Continuous glucose monitoring (CGM) devices are quite the rage in the endurance sport world at the moment. But in order to use them effectively, it’s essential to understand the typical blood glucose response to exercise.
Under normal resting conditions, our bodies regulate blood glucose via homeostatic mechanisms to ensure that blood glucose remains between ~70-100 mg/dl. When blood glucose is too low, glucagon targets the liver and kidneys to release glucose. When blood glucose is high (e.g. after a meal), insulin released from the pancreas facilitates uptake of glucose from the blood into liver, muscle, and fat cells.
During exercise, glucose is taken up from the blood into the exercising muscle independent of insulin. However, at the onset of exercise, there may be a slight increase in blood glucose compared to resting levels. Through a feed-forward response, the liver releases glucose into the circulation in response to the muscular contractions. The subsequent blood glucose response depends on exercise intensity (with higher intensity exercise, blood glucose may drift upward) and whether carbohydrate is consumed during exercise. If exogenous carbohydrate is not taken in as exercise continues, physiological feedback mechanisms regulate blood glucose release from the liver to accommodate the increased glucose needs of contracting muscle.
Carbohydrate is always used, to some degree, as an energy source during exercise; and, the rate of oxidation increases with exercise intensity. In fact, carbohydrate is designed to yield ATP at a quick rate and is, thus, the preferred energy source for supporting endurance performance. The availability of glucose during endurance exercise is dependent on liver and muscle glycogen stores before exercise and exogenous carbohydrate ingestion (e.g. sports drinks, gels etc.) during exercise. When the demand for glucose outpaces the supply of glycogen and blood glucose (e.g. prolonged endurance exercise and/or higher intensity), the body is forced to produce glucose from non carbohydrate sources (e.g. amino acids) through gluconeogenesis.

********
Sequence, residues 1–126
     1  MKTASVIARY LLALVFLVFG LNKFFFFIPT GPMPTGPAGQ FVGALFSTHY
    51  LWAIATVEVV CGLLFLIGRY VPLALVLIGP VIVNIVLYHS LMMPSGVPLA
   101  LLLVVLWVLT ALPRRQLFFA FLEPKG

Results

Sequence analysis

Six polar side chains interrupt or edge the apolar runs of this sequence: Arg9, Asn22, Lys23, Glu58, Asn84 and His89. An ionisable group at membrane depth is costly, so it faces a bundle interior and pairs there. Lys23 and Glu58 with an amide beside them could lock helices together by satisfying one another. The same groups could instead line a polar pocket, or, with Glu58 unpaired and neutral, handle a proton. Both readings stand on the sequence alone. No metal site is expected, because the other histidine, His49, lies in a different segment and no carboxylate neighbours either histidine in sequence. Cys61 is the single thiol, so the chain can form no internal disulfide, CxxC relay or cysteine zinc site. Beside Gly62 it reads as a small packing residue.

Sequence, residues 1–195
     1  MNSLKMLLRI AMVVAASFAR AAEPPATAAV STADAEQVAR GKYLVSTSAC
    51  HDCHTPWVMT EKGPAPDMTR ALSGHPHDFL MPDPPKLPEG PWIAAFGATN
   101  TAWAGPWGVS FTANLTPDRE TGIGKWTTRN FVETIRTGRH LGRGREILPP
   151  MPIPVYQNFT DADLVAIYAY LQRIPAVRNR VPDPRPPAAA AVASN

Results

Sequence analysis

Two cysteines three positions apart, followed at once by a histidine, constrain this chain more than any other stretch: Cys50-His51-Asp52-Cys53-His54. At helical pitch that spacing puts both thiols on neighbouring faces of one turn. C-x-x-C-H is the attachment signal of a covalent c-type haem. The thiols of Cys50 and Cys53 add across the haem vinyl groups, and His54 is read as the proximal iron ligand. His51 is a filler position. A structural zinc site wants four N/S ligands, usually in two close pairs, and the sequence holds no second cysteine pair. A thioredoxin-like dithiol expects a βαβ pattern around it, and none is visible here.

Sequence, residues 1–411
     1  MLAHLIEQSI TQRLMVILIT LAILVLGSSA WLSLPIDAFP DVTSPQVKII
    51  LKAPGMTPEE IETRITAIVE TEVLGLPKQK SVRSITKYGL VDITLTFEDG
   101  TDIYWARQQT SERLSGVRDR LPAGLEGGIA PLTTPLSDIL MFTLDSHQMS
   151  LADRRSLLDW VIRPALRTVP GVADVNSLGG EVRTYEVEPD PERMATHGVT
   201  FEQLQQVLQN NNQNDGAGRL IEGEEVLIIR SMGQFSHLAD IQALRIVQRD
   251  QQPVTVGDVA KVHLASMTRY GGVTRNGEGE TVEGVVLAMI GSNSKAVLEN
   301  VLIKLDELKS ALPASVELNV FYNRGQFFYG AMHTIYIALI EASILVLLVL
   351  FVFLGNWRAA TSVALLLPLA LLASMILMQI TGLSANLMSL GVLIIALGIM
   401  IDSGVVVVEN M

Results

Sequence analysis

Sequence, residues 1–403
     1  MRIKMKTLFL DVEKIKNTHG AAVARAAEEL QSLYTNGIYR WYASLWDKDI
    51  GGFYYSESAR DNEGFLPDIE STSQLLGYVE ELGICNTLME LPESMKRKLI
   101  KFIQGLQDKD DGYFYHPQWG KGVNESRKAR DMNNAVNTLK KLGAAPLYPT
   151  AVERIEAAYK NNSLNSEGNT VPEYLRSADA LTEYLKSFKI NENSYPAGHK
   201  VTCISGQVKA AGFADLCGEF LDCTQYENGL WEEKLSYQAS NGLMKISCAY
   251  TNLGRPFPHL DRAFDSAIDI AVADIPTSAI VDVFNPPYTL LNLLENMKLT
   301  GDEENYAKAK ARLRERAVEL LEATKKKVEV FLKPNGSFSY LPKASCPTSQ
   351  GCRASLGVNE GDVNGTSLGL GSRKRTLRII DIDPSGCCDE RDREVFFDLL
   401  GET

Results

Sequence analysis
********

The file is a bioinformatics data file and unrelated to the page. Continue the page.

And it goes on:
The body’s glycogen stores are limited, with ~ 100 g stored in the liver and ~ 300-500 g in skeletal muscle. Assuming full glycogen stores at the start of exercise, liver glycogen can only provide ~ 400 kcal of energy via blood glucose circulation. Muscle glycogen can contribute 1200-2000 kcal of energy, but muscle glycogenolysis is a localized process and does not contribute to circulating blood glucose (that is the role of the liver). This reinforces the importance of supplementing with exogenous carbohydrates to maintain blood glucose levels during longer training days, even when intensity is low.
If exogenous CHO is not taken in during prolonged endurance or during high intensity exercise, the body will maintain blood glucose through breakdown of liver glycogen and gluconeogenic mechanisms
Blood glucose response is individual but also related to exercise intensity and pre-exercise feeding
Blood glucose fluctuations do not necessarily result in hyper or hypoglycemia during exercise due to the body’s mechanisms to defend homeostasis
PMID: 10198303; 32747792, 12527976; 23112916